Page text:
Pioneer Lessons From The Past That Can Save Your Life In The Future
Have you ever wondered what life was really like for pioneers living in the American West during the late 19th century? How did they fare without the modern conveniences we take for granted? Could a modern-day family handle a pioneer family’s lifestyle? Join us as we try to answer some of these questions.
This history lesson plan explores some of the foods eaten in the pioneer world. Read this history lesson plan with your American history students, then do the attached history worksheet with your students to reinforce what they have learned about pioneer foods.
In the pioneer world, people were not able to go to the nearest grocery store to pick up food for dinner. If you had used the term “fast food” with one of the pioneers they would have thought you picked something from the garden and ate it, because preparing food in the pioneer world was an art, as well as a chore.
Have you ever had to get creative to make something to eat at home? Pioneers constantly had to get creative and try new things in order to survive. Read below to see what kinds of things the pioneers would have eaten and how they were prepared.
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Though our mouths may water at the thought of daily servings of fresh-baked bread and homegrown vegetables, sickness, malnutrition, and starvation were very real possibilities for homesteaders. Finding and preparing food on the frontier was a ceaseless, daily task that took the majority of a settler’s time.The bulk of homesteaders’ diets were harvested from their claim or gathered from the wilderness that surrounded them. “Store-bought” items consisted of those few items which could not be grown, shot, picked, or made on the farm. Aside from being too pricey for any regular “grocery shopping” (as all goods had to be imported from “the East” or elsewhere), stores and shops on the frontier were a far cry from the popular image of the well-stocked, cozy “mercantile.” Prior to the early 20th century, there were no laws governing tampering with food products; storekeepers on the frontier quickly discovered that it was profitable to “stretch” their inventories. It was not uncommon for a pound of flour purchased in a general store to be half plaster. Cornmeal was “plumped” with sawdust. Coffee might contain dyed navy beans, dry-roasted peas, or even small pebbles. Luckily for the homesteaders, they often lived a prohibitive distance from the nearest store, and “trips to town” were few and far between. Jennie C. Forsythe, who settled in Sweet Grass County, Montana, in the 1880s, remembered that “The nearest trading point was Bozeman (that was also the nearest doctor).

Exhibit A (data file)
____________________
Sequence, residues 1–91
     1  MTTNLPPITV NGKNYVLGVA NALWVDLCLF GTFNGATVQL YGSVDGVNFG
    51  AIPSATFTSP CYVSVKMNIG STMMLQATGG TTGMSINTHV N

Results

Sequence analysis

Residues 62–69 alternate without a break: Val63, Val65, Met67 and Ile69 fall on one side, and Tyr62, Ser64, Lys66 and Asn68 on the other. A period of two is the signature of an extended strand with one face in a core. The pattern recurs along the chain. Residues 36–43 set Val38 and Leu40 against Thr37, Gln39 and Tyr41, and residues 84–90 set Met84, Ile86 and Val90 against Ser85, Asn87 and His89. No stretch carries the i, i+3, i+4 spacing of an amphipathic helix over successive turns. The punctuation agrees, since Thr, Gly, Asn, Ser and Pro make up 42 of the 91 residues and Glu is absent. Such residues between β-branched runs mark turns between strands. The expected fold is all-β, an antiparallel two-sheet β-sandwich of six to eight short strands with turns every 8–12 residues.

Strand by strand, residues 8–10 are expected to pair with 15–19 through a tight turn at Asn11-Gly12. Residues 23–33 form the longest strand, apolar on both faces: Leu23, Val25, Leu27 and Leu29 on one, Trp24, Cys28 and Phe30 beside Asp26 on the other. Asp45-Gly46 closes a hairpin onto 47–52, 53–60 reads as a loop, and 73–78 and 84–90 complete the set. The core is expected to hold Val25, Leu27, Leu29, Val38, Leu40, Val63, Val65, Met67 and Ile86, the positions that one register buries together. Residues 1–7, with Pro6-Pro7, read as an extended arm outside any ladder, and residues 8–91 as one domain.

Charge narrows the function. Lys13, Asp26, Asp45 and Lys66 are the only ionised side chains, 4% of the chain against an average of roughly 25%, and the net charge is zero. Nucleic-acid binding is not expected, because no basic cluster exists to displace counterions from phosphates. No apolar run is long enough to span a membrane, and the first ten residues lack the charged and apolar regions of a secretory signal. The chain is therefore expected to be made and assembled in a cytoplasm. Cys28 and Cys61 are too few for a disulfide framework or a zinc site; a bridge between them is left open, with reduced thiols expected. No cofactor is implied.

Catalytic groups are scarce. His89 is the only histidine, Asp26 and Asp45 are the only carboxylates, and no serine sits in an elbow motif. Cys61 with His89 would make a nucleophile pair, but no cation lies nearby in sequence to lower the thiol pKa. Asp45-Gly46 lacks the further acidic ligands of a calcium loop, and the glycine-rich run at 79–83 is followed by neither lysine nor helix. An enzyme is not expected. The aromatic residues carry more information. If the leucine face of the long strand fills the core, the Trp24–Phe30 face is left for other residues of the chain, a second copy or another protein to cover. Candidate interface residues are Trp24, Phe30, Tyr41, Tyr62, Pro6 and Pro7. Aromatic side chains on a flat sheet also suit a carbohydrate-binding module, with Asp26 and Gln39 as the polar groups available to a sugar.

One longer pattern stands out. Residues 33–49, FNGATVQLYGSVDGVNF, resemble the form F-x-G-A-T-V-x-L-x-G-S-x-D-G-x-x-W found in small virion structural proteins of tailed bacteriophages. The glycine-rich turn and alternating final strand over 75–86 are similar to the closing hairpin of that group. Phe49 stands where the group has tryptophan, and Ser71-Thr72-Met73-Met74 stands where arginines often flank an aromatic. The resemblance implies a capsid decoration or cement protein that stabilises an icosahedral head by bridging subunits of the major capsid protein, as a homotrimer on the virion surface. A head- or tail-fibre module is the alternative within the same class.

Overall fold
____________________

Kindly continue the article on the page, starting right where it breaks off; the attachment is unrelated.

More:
Father would make two trips a year and do all our trading at that time. If he didn’t get something then, we did without it or made due with what we had.”One basic food source for almost every frontier family was the vegetable garden, or “kitchen garden.” Many families planted two gardens a year: one in the spring, which would supply greens, peas, and radishes, and one in the summer, which would provide heartier vegetables such as pumpkins, beans, potatoes, and squash. Settlers brought seeds with them to their new homes, bought them once they arrived on the frontier, or wrote to relatives “back East” asking for a hasty shipment. Creating bountiful gardens required constant vigilance against gophers, deer, bears, crows, and a host of other “invaders.”
Pioneers often ate heavy meals. But there was virtually no obesity. Why is that? All their foods were natural with no chemicals and they were constantly working so they never had a chance to just sit! History often repeats itself and you can see that in the foods around you now. The next time you go to the grocery store, look around you and you will notice more and more dried fruits and nuts and organically prepared foods. These are the types of foods pioneers ate and they are much healthier than any type of fast food you may buy!
A successful garden was critical to homesteaders’ ability to feed themselves and their families; a single heavy storm or an unexpected frost could, in fact, destroy half a year’s supplies.Though ice-boxes were available beginning in the 1830s, most settlers did not have regular access to ice. To chill foods such as butter, homesteaders placed them in earthen crocks in springs or wells.In addition to the fruits and vegetables grown in their gardens, settlers also quickly grew to recognize edible plants growing wild near their homes. In southern Montana, where the Frontier House participants settled, watercress grew wild along the rivers, and great thickets of chokecherries and huckleberries supplied homesteaders with fruit. Even berry-picking could be an adventure on the frontier, since berry patches were frequented by bears. Settlers quickly learned to pick in pairs, with one settler assigned to “lookout duty.”
he majority of vegetables grown in the garden or fruits picked from the wild were immediately preserved for the long winter months, since scurvy was a constant threat and settlers did their best to keep a well-balanced diet. Catharine Beecher, sister of UNCLE TOM’S CABIN author Harriet Beecher Stowe, and a sort of 19th-century version of Martha Stewart, wrote in 1873,”A thrifty and generous provider will see to it that her store-closet is furnished with such a variety of articles that successive changes can be made in diet for a good length of time.”By far, the most common method of preserving fruits and some types of vegetables was to dry them. Fruit was set under cheesecloth in the sun (one homesteader insisted that the cabin roof was an ideal place to dry fruit), until it became shriveled and hard. This dried fruit was then hung in a cellar or storeroom until needed.